Introduction: Intoxications are common in intensive care units (ICUs). The number of causative substances is large, mortality usually low. This retrospective cohort study aims to characterize differences of intoxicated compared to general ICU patients, point out variations according to causative agents, as well as to highlight differences between survivors and non-survivors among intoxicated individuals in a large-scale multi-center analysis. Methods: A total of 105,998 general ICU patients and 4,267 individuals with the admission diagnoses “overdose” and “drug toxicity” from the years 2014 and 2015 where included from the eICU Collaborative Research Database. In addition to comparing these groups with respect to baseline characteristics, intensive care measures and outcome parameters, differences between survivors and non-survivors from the intoxication group, as well as the individual groups of causative substances were investigated. Results: Intoxicated patients were younger (median 41 vs. 66 years; p<0.001), more often female (55 vs. 45%; p<0.001), and normal weighted (36% vs. 30%; p<0.001), whereas more obese individuals where observed in the other group (37 vs. 31%; p<0.001). Intoxicated individuals had a significantly lower mortality compared to general ICU patients (1% vs. 10%; aOR 0.07 95%CI 0.05-0.11; p<0.001), a finding which persisted after multivariable adjustment (aOR 0.17 95%CI 0.12-0.24; p<0.001) and persisted in all subgroups. Markers of disease severity (SOFA-score: 3 (1-5) vs. 4 (2-6) pts.; p<0.001) and frequency of vasopressor use (5 vs. 15%; p<0.001) where lower, whereas rates of mechanical ventilation where higher (24 vs. 26%; p<0.001) in intoxicated individuals. There were no differences with regard to renal replacement therapy in the first three days (3 vs. 4%; p=0.26). In sensitivity analysis (interactions for age, sex, ethnicity, hospital category, maximum initial lactate, mechanical ventilation, and vasopressor use), a trend towards lower mortality in intoxicated patients persisted in all subgroups. Conclusion: This large-scale retrospective analysis indicates a significantly lower mortality of intoxicated individuals compared to general ICU patients.

Management of intoxicated patients – a descriptive outcome analysis of 4,267 ICU patients

Mamandipoor, Behrooz;Osmani, Venet
2022

Abstract

Introduction: Intoxications are common in intensive care units (ICUs). The number of causative substances is large, mortality usually low. This retrospective cohort study aims to characterize differences of intoxicated compared to general ICU patients, point out variations according to causative agents, as well as to highlight differences between survivors and non-survivors among intoxicated individuals in a large-scale multi-center analysis. Methods: A total of 105,998 general ICU patients and 4,267 individuals with the admission diagnoses “overdose” and “drug toxicity” from the years 2014 and 2015 where included from the eICU Collaborative Research Database. In addition to comparing these groups with respect to baseline characteristics, intensive care measures and outcome parameters, differences between survivors and non-survivors from the intoxication group, as well as the individual groups of causative substances were investigated. Results: Intoxicated patients were younger (median 41 vs. 66 years; p<0.001), more often female (55 vs. 45%; p<0.001), and normal weighted (36% vs. 30%; p<0.001), whereas more obese individuals where observed in the other group (37 vs. 31%; p<0.001). Intoxicated individuals had a significantly lower mortality compared to general ICU patients (1% vs. 10%; aOR 0.07 95%CI 0.05-0.11; p<0.001), a finding which persisted after multivariable adjustment (aOR 0.17 95%CI 0.12-0.24; p<0.001) and persisted in all subgroups. Markers of disease severity (SOFA-score: 3 (1-5) vs. 4 (2-6) pts.; p<0.001) and frequency of vasopressor use (5 vs. 15%; p<0.001) where lower, whereas rates of mechanical ventilation where higher (24 vs. 26%; p<0.001) in intoxicated individuals. There were no differences with regard to renal replacement therapy in the first three days (3 vs. 4%; p=0.26). In sensitivity analysis (interactions for age, sex, ethnicity, hospital category, maximum initial lactate, mechanical ventilation, and vasopressor use), a trend towards lower mortality in intoxicated patients persisted in all subgroups. Conclusion: This large-scale retrospective analysis indicates a significantly lower mortality of intoxicated individuals compared to general ICU patients.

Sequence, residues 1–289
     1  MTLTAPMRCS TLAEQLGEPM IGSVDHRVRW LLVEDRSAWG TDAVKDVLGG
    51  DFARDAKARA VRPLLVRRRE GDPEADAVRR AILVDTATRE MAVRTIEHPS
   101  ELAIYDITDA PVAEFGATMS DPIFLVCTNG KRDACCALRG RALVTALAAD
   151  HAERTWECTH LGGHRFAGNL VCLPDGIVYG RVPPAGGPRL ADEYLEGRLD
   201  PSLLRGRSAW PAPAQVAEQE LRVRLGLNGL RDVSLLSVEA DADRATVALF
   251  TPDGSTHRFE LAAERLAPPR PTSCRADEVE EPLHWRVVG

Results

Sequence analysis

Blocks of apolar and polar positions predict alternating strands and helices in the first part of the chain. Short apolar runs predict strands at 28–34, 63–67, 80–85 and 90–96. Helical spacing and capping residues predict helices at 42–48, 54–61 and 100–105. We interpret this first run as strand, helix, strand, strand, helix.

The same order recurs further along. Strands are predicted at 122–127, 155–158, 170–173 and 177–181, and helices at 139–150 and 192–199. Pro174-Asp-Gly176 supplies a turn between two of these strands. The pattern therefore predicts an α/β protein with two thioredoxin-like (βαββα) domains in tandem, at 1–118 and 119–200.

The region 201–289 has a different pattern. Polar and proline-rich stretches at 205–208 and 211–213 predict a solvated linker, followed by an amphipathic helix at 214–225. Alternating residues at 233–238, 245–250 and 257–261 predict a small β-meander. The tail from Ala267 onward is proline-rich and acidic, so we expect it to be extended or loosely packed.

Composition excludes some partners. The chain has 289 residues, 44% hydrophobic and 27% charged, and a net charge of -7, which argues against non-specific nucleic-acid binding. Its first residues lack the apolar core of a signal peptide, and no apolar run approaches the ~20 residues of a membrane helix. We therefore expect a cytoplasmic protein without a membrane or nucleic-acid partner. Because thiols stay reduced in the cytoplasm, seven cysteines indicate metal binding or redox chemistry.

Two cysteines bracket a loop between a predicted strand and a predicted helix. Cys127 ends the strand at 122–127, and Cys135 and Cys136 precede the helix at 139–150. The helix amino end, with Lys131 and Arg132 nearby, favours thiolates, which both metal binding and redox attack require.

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Utilizza questo identificativo per citare o creare un link a questo documento: https://hdl.handle.net/11582/330666
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